The fictionalized surveillance state
(Independent Institute, by Anthony Gregory) “Public attitudes toward government spying have correlated to popular cultural trends ever since the 1821 publication of The Spy: A Tale of Neutral Ground, the first American spy novel written by James Fenimore Cooper, the first prominent American novelist. … Spies were further elevated in a slew of American novels in the late nineteenth century, and became central heroes in the English-speaking world in the twentieth century thanks largely to films such as those in the James Bond franchise. Whereas in early American history, government spying faced a largely negative public perception, the professionalized modern spying of our era has been glorified in the vast bulk of TV and movies featuring government agents using their omniscient technological gizmos to apprehend the bad guy just in the nick of time.”
Nathan: Yes, commentary. But not as good as I would expect from the Independence Institute or Anthony Gregory.
He has oversimplified and demonized a complex history and understanding. I don’t know why he does this – except that his slanted view supports his point (if I understand his point: that people are conditioned or propagandized to accept what the NSA and CIA does).
But he’s got the cart before the horse: Cooper’s “Birch” did not make people like spies – he wrote the novel because people already DID like spies: at least, spies for their side. People like CAPT Nathan Hale and Paul Revere, and many others in the War for American Independence were heroes well before 1821.
Both South and North used and honored spies forty years later, not because of Cooper’s novel, but because of what they DID. The same thing can be said for Ian Fleming’s great creation: people didn’t love spies (for their side) in the Cold War because James Bond was a hero: they liked 007 because they liked spies. The same movies and many more ALSO portrayed spies as villains: German and Japanese and Russian and more. Why not argue that movies caused us to HATE and FEAR spies? Spies working for the wrong side, of course. As soon argue that Mad Magazine (or Get Smart) caused us to treat spies as incompetent clowns.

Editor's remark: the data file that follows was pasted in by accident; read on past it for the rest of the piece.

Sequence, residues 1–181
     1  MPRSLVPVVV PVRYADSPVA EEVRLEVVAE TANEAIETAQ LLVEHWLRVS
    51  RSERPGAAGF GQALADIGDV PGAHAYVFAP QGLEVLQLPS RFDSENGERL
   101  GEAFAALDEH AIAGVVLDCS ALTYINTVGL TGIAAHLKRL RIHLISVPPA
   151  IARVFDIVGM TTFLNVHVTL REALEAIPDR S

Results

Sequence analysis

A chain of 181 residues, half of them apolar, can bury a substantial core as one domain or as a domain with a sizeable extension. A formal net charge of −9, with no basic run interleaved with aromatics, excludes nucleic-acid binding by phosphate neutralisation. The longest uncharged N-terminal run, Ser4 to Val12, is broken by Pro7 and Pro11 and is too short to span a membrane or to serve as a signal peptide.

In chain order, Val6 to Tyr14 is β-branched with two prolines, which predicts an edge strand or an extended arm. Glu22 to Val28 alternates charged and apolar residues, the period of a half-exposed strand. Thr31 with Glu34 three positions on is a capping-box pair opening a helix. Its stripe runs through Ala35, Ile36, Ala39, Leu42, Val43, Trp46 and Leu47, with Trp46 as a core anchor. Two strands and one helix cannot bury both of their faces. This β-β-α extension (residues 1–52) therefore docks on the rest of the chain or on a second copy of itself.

And still do: listen to the voices calling for allowing the NSA to keep doing what it is doing: they include both neocons AND true conservatives, as well as messiah-apologists and liberals. It is a dangerous slander to assume that all these people got their moral view out of a popcorn box in the cinema.
Right now, it is we self-governors (yes, and libertarians, civil and otherwise) that are the most outspoken. It is not WHAT spies do – how they do it, that makes them good or evil in the eyes of most people – it is WHY they do it and WHO they do it for (or against). A spy is a human tool, just like a gun or a rocket. They can be used for good or for evil: the tool is (mostly) totally neutral, even amoral (not necessarily itself a good thing). It can be used in the cause of tyranny and oppression, to cause terror in innocent people, or it can be used in the cause of liberty, for self-defense against thugs and tyrants and predators.
Even with his shading of the truth of history, Mr. Gregory sounds a true and needed alarm. But he not only over-simplifies the problem, he whitewashes the solution on the wall of the problem with a bone-dry paintbrush.
Mr. Gregory points out “government spies” are his focus, in the last paragraph, but his solution to the problem is as weak as his argument. “We know it is propaganda, but we’ll watch it anyway and just tell ourselves it isn’t real.” That doesn’t work in real life: the more we listen and watch, the more we believe. The surveillance state is NOT fiction, fictionalized as it may be: it is deadly real, and hundreds die each week around the world as a result. The TRUTH is the only antidote to fiction: and only if you stop feeding your brain (and those of the children of the planet) the fiction.